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Author: Derek George

Derek is a marketing specialist at Ubiquity Retirement + Savings. A passionate champion for small business, she can be found demystifying the financial industry, advocating for the underdog, and making playlists you did not ask for.

Our book club is currently reading Daniel H. Pink’s To Sell Is Human, and this week’s reading surfaced an interesting tidbit of information: we find it hard to relate to future versions of ourselves.

“To those estranged from their future selves, saving is like a choice between spending money today or giving it to a stranger years from now.” – HERSHFIELD et al.

Is this why so many of us live for today, unknowingly aligning ourselves with the philosophy of Epicurus, which states that pleasure is the greatest good?

We can’t escape the rules of cause-and-effect; what we do today has downstream consequences.

The donuts, the late night ice cream sneaks, the stubborn adherence to a strict policy of no exercise. These choices that I made years ago are affecting me today.

I have proof. I’m sure others can relate.

What, then, can be done to save our future self? Are we doomed to forgo sacrifice instead of pleasure, planning instead of impulse?


“Light Strokes, Fell great Oaks.” – Benjamin Franklin

Just as my impulsive behavior years ago is the bane of my waist-line today, the Krispy Cremes, baby back ribs and el grande pork burritos I eat or do not eat today could harangue my figure a year from now.

If I make small modifications and compromises, like eating light meals two or three times a week, forgoing a $4.50 mocha, maybe not eating out as much, and possibly using the extra money I save to invest in my 401(k) plan, and maybe, just maybe running around the block a few times a week and doing push-ups before going to sleep, I might be in better shape a decade from now had I not made these small adjustments.

What do you think? If you can take a small series of actions that lead to a great payoff, would you do it?

Will you?

Is your company a learning organization? Does it strive to review, analyze and incorporate new thinking? At Ubiquity Retirement + Savings, we strive to create an inclusive culture of learning that everyone can participate in. That’s why we started our book club back in 2013, to strengthen our community, and encourage new ways of thinking. 

“A learning organization is the term given to a company that facilitates the learning of its members and continuously transforms itself.” – Mike Pelder

In a previous article, I had interviewed Professor Michael Finnegan of Quantum Camp, who agreed that critical thinking is not a common skill these days.

As a company, we want to change that.

Jim Collins’ “Good to Great”, Jonah Berger’s “Contagious”, Eric Ries’ “The Lean Startup” – these are just a sampling of the books we have chosen to read together. We believe that a learning organization goes beyond just having classes. Learning is built into the culture of our company.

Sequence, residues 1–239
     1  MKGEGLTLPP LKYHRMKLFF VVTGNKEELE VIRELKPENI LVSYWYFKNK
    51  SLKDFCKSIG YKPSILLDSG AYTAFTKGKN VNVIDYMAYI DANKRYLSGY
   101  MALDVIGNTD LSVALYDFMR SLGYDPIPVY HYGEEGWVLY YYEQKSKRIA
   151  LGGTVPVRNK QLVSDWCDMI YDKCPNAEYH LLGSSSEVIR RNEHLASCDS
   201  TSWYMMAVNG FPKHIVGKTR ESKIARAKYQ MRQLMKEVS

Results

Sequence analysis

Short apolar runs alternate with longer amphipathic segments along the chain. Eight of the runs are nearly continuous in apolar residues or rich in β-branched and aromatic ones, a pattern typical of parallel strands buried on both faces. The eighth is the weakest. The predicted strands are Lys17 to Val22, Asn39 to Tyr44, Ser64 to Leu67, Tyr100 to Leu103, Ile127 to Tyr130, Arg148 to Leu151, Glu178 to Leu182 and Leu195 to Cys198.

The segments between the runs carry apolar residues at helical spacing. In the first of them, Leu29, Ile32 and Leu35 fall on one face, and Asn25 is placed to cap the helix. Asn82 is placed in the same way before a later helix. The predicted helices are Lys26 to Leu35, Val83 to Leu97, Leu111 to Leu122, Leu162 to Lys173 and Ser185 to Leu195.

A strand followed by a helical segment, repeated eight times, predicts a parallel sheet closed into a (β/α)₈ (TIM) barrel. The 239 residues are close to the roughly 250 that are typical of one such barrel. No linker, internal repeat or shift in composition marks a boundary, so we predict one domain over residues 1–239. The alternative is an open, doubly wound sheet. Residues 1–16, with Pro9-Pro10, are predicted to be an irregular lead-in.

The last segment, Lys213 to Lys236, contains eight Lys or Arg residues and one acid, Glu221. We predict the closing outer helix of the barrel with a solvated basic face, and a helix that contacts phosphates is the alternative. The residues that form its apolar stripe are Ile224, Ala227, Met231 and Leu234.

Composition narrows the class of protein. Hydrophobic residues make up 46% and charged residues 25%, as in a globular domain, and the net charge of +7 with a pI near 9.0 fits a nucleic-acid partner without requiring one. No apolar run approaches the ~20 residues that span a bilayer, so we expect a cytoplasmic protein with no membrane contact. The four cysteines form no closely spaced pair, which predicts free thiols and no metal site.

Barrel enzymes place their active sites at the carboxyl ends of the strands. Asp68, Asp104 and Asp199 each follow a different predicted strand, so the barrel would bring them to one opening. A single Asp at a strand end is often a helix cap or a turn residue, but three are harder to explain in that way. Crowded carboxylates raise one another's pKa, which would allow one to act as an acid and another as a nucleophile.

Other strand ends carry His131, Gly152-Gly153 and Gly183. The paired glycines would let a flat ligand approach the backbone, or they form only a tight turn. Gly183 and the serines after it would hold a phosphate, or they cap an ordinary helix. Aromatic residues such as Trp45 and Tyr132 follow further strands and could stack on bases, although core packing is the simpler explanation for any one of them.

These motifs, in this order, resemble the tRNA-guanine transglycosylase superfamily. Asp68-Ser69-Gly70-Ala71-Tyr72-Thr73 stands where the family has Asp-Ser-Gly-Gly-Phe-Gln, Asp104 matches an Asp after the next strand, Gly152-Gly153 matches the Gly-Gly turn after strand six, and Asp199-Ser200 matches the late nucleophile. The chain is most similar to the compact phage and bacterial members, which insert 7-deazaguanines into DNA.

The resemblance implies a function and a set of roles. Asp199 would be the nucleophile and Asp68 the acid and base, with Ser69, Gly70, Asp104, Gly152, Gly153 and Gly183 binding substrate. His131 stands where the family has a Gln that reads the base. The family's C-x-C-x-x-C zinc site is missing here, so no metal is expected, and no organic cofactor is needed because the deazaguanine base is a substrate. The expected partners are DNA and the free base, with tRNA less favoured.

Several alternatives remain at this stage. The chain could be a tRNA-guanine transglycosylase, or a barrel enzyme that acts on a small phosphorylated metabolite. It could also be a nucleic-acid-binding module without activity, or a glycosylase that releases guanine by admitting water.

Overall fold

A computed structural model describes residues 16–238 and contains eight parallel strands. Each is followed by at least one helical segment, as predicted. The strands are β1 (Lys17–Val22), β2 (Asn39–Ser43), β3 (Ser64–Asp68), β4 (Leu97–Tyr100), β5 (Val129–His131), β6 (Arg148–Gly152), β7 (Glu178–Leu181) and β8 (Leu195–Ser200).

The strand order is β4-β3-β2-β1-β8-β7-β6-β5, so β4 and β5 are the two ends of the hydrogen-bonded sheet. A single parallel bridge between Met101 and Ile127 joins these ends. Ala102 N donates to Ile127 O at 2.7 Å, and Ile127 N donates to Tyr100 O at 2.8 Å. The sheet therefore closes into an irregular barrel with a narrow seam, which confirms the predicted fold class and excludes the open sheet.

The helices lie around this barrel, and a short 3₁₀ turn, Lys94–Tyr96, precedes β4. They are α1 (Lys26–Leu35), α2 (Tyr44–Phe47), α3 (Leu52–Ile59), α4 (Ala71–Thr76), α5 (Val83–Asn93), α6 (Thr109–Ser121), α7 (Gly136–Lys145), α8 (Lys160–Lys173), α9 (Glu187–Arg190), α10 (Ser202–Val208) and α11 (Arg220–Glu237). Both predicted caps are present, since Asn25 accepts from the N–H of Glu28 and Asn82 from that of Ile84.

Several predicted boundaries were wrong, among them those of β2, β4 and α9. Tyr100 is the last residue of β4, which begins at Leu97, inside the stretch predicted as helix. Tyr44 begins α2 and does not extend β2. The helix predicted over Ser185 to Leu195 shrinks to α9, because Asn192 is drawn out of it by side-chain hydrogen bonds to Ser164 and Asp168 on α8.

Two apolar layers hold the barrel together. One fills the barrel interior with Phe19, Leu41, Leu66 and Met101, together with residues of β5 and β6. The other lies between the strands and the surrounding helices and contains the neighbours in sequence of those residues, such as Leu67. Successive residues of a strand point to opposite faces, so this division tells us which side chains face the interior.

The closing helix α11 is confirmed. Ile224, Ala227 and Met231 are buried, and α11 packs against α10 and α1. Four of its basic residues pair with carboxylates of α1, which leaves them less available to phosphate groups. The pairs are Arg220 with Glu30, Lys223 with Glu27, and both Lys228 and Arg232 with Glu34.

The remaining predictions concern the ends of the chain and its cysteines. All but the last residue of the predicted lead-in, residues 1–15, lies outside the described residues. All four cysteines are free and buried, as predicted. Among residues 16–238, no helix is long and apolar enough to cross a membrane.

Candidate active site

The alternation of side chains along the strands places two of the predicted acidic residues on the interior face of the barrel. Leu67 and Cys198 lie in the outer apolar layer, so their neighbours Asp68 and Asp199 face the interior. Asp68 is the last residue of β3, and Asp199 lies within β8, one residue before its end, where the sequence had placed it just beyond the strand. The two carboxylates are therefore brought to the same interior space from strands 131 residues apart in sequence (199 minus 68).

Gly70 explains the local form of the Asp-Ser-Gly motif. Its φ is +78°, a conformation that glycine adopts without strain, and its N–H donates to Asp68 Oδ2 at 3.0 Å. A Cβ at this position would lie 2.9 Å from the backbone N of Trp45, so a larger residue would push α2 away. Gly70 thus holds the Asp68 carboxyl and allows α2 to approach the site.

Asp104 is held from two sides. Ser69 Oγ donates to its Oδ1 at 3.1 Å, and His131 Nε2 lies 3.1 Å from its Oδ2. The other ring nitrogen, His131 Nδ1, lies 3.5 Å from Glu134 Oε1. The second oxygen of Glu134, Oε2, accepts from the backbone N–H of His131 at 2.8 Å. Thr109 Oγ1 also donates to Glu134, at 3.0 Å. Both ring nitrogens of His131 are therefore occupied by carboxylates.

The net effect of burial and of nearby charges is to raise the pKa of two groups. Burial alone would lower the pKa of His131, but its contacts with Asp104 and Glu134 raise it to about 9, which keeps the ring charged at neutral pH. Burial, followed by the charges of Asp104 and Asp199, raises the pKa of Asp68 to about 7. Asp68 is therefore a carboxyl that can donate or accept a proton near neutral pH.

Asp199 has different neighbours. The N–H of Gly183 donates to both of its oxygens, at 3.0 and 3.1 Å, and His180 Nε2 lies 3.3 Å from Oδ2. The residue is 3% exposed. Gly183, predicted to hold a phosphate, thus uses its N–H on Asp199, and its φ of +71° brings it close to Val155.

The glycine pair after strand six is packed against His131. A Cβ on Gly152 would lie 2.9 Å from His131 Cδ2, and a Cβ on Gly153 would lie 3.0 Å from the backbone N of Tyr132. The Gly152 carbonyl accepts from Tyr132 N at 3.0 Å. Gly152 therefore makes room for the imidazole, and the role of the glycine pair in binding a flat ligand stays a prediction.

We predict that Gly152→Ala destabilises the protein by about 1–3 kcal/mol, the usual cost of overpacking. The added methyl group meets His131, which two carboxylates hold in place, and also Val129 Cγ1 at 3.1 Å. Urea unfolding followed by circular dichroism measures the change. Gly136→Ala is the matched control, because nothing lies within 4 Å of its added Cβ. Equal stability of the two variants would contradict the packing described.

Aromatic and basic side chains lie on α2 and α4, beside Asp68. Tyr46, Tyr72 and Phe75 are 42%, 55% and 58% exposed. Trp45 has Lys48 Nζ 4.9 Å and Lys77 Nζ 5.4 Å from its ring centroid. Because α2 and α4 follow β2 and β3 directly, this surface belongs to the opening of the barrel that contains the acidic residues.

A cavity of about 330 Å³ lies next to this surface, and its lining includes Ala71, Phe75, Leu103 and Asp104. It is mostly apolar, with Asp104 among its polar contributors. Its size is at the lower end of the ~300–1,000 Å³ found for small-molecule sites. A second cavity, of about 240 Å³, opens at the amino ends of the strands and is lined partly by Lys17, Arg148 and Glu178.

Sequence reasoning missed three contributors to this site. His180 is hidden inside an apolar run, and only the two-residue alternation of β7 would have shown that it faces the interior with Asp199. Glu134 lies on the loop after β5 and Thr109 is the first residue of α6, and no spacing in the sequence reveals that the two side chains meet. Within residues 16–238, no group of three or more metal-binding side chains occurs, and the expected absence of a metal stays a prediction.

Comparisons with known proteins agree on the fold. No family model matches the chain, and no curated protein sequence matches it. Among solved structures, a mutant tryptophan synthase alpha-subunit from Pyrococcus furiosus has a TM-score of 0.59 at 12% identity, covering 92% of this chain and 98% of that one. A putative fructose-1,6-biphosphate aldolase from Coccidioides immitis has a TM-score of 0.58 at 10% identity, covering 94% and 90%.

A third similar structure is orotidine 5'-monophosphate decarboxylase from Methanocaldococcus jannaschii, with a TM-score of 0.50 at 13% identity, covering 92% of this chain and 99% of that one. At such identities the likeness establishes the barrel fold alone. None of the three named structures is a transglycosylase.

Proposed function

Everyone here is invited to participate in the book club and anyone who participates is expected to read a book and examine the ideas its puts forth and bring his or her observations and insights to the table when we meet.

We carefully see what makes sense for our clients, our company, our goals and choose what we take with us into the future and what we leave behind.

This fosters another set of our values, community and participation.

Each person lending her or his voice to the chorus, sustaining the song, this is OUR way.

I don’t know if a Stanford torus will be available when I retire, but I’m hoping our society and technology have something awesome and unequivocally desirable awaiting me and my generation.

Equal to that hope is my desire to be financially able to take advantage of such opportunities. To me, that means I need to keep saving up and investing today.

This brings to mind another metaphor or parable, if you will, about “talents” or sums of money that were given to investors.

The first two investors were able to double the investment of money; they used their time and their client’s time wisely.

The last investor was only able to return the initial deposit; he was cursed by his client.

Ultimately, as I see it, the last investor had two faults: fear and lack of perspective. In his fear, he took no risks; in taking no risks, he wrought no rewards. The last investor’s lack of perspective was in regards to time, both his and his clients. Time is the most precious commodity for us. The first two investors could have easily lost that money and indeed risk does not guarantee reward. However, in the limited time we have is it not better to try?

As someone once said, “Shoot for the moon. Even if you miss, you’ll land among the stars.”

A Vocation and Avocations

Derek George / 26 Feb 2013 / Ubiquity Insights

Nathan Bolt is a friendly, helpful, burgeoning young professional with whom I’m speaking about vocations and avocations, passion and happiness, the future, and now.

Victor: Some people have this idea that if they work hard, they get to play hard. On the other side of that there are people who scrounge and scrounge.

Nathan: I think it’s prevalent in our society to kind of live this deferred life plan model, where you work most of your life and maybe take one or two vacations a year with your family, that when you’re 65 or when you retire, that’s really when you get to enjoy yourself. I don’t think that’s for me, because when I’m 65, I don’t think I’ll enjoy the things I would have enjoyed when I’m 25 or 35. While I’m young and active and able to do more things because I’m healthier, that’s when I want to enjoy myself.

But at the same time, you have to think about the future. I think it’s a balance.

Right when I turned 18, I started a Roth IRA.

I can make my budget and contribute my maximum and really make sure that my investments grow over time so that by the time I’m thinking about retiring I’ll be set.